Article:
In a controversy, what are we striving for?

“In a controversy the instant we feel anger we have already ceased striving for the truth, and have begun striving for ourselves.” Buddha

Boy, that’s a reminder I’ll keep pasted right on my computer screen 24/7.

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Kim Klaver


  • I think the only emotion that's more powerful than anger is love, and both emotions can blind us to the "truth" as it applies to each situation we find ourselves in. When we consciously involve ourselves in any form of "controversy," it's almost always because we personally hold a very strong opinion on the subject of the controversy, and in the atmosphere of argument that typically accompanies controversy, it can be easy to get caught up in the emotions of the controversy so much that we actually lose sight of the facts surrounding the controversial matter.

    (Wow! How many times can you actually use the word "controversy" in a paragraph? LOL)

    If you've ever observed a "flame war" in a forum, or perhaps in a series of wall posts on Facebook, you can actually watch people completely "lose it" and throw reason completely out the window as they become overcome by the emotional state they're experiencing in the midst of the "controversy."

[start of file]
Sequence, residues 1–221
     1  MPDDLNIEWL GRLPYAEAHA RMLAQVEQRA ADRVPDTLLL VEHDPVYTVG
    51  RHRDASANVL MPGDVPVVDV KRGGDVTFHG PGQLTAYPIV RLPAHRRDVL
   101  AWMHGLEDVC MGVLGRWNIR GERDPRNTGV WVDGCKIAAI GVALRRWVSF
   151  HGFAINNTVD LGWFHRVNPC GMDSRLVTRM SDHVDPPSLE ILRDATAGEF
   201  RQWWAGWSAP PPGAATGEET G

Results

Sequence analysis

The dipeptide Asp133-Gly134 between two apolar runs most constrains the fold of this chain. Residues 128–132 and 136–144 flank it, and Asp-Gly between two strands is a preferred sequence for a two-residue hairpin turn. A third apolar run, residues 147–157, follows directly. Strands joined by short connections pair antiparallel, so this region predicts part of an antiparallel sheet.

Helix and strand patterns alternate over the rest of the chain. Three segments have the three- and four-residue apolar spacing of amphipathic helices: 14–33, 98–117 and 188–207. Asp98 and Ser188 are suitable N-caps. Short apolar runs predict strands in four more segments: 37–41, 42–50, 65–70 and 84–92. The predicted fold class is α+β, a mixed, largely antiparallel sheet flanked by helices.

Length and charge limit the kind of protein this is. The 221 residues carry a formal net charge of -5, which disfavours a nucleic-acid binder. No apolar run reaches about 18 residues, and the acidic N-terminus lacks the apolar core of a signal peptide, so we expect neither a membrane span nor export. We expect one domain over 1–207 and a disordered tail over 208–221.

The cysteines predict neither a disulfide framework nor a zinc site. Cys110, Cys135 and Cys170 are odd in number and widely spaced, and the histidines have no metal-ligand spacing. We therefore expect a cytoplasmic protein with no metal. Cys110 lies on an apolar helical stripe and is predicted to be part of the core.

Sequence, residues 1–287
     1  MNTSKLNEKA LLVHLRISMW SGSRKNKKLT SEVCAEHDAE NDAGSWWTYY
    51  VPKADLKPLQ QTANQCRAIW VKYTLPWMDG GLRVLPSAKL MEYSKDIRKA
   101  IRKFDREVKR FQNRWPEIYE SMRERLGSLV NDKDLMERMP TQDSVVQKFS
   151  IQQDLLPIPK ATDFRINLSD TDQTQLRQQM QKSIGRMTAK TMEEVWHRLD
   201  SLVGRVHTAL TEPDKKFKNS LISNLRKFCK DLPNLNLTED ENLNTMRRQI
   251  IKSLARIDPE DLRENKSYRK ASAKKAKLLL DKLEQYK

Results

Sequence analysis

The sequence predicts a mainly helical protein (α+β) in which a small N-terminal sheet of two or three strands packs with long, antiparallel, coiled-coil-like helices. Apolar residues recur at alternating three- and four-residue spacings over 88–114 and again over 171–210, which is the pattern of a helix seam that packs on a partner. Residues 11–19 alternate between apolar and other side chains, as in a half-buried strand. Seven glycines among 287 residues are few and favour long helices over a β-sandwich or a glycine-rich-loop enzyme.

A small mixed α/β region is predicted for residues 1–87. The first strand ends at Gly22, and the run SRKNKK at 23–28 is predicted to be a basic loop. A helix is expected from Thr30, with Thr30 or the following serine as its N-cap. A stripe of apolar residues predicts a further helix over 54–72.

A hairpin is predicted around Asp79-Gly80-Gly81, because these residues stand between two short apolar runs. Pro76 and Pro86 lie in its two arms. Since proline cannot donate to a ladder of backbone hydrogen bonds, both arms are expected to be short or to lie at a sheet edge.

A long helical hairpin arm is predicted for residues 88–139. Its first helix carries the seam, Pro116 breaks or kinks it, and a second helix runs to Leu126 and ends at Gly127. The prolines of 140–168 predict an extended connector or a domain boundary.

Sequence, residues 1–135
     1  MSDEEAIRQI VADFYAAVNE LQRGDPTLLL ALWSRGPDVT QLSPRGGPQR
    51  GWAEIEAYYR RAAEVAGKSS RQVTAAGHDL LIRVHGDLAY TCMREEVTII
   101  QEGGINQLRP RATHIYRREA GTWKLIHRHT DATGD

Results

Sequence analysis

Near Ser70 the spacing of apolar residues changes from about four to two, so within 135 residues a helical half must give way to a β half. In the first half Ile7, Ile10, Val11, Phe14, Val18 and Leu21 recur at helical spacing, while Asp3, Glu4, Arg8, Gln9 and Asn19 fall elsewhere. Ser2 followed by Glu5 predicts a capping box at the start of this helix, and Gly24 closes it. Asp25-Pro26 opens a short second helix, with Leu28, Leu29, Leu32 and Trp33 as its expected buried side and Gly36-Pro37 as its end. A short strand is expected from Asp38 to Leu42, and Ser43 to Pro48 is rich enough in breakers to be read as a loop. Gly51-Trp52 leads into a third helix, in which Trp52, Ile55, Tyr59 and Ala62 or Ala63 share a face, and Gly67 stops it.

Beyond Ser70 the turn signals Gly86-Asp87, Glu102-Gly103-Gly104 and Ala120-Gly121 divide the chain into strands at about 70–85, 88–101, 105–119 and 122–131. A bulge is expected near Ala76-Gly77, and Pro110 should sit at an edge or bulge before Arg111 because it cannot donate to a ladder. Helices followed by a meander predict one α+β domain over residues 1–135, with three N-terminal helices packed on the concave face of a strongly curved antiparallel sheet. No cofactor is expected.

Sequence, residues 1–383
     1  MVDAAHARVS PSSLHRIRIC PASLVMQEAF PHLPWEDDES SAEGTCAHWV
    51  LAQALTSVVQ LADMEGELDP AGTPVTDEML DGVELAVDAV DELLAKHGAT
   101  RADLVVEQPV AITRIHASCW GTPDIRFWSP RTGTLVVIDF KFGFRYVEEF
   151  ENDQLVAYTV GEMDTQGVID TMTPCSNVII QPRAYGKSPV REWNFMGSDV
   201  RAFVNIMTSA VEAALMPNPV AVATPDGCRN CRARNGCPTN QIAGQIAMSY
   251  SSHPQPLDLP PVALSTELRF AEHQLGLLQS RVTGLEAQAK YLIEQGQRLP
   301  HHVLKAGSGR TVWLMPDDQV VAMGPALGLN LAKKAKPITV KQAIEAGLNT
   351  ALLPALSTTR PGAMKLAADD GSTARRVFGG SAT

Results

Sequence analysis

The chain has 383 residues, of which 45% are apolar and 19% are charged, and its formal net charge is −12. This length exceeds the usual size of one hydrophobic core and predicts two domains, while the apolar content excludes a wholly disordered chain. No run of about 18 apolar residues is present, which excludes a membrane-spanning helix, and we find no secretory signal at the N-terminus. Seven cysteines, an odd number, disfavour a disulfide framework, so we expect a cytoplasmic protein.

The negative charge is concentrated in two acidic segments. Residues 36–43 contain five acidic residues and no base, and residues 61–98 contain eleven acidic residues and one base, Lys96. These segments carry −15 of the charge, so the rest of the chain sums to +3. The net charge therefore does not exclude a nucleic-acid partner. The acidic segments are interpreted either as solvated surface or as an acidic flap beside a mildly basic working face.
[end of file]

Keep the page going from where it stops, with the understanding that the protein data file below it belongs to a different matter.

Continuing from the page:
Nearly all sources of spiritual guidance advise you to be "slow to anger," and to "never let the sun set on your anger." It's never easy to do, and it requires self-discipline, but by removing anger from the equation (and perhaps even replacing it with the positive emotion of love) can go a long way in "de-fusing" controversial situations.

    I actually met my current business partner as a result of our being on opposite sides of an argument. By setting aside our emotions and dealing with the actual substance of our disagreements, we discovered that we weren't actually that far apart from one another philosophically. Jim and I have been working together now for over 3 years, and I consider him to be my closest and most trusted business associates/partner!

  • The only reason we're truly angry is because the person or persons will not do what we want them to do. We likely have a limited, selfish point of view.

    In that case, it's time for a checkup from the neck up.

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